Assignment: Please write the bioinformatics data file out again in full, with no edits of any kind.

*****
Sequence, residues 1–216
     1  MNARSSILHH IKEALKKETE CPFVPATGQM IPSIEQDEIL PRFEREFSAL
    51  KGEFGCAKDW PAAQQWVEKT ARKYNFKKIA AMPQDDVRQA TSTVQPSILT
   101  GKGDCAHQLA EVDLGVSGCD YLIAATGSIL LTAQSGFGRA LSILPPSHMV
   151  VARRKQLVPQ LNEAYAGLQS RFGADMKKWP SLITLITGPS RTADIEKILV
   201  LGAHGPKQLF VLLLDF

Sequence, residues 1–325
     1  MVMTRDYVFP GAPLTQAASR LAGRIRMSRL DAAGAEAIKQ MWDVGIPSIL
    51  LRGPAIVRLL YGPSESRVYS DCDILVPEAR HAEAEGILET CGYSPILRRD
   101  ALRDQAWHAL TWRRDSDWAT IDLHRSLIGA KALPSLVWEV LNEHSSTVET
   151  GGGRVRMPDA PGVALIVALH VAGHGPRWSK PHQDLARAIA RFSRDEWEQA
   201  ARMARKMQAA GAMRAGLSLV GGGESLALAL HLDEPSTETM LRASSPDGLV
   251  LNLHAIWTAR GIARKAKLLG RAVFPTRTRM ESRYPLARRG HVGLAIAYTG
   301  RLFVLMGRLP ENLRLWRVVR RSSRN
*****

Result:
Sequence, residues 1–216
     1  MNARSSILHH IKEALKKETE CPFVPATGQM IPSIEQDEIL PRFEREFSAL
    51  KGEFGCAKDW PAAQQWVEKT ARKYNFKKIA AMPQDDVRQA TSTVQPSILT
   101  GKGDCAHQLA EVDLGVSGCD YLIAATGSIL LTAQSGFGRA LSILPPSHMV
   151  VARRKQLVPQ LNEAYAGLQS RFGADMKKWP SLITLITGPS RTADIEKILV
   201  LGAHGPKQLF VLLLDF

Sequence, residues 1–325
     1  MVMTRDYVFP GAPLTQAASR LAGRIRMSRL DAAGAEAIKQ MWDVGIPSIL
    51  LRGPAIVRLL YGPSESRVYS DCDILVPEAR HAEAEGILET CGYSPILRRD
   101  ALRDQAWHAL TWRRDSDWAT IDLHRSLIGA KALPSLVWEV LNEHSSTVET
   151  GGGRVRMPDA PGVALIVALH VAGHGPRWSK PHQDLARAIA RFSRDEWEQA
   201  ARMARKMQAA GAMRAGLSLV GGGESLALAL HLDEPSTETM LRASSPDGLV
   251  LNLHAIWTAR GIARKAKLLG RAVFPTRTRM ESRYPLARRG HVGLAIAYTG
   301  RLFVLMGRLP ENLRLWRVVR RSSRN